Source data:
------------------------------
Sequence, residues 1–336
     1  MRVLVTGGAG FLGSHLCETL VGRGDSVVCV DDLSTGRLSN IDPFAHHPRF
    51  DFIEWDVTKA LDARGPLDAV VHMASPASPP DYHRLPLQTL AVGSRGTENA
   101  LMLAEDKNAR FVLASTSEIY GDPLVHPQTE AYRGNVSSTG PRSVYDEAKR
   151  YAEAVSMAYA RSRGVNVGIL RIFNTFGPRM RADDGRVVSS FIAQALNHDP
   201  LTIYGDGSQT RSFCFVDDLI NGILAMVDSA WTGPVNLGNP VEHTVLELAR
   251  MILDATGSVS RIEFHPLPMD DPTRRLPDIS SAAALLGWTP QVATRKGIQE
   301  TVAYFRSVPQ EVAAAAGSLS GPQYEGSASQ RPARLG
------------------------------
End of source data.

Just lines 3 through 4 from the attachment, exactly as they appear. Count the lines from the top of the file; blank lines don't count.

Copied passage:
    51  DFIEWDVTKA LDARGPLDAV VHMASPASPP DYHRLPLQTL AVGSRGTENA
   101  LMLAEDKNAR FVLASTSEIY GDPLVHPQTE AYRGNVSSTG PRSVYDEAKR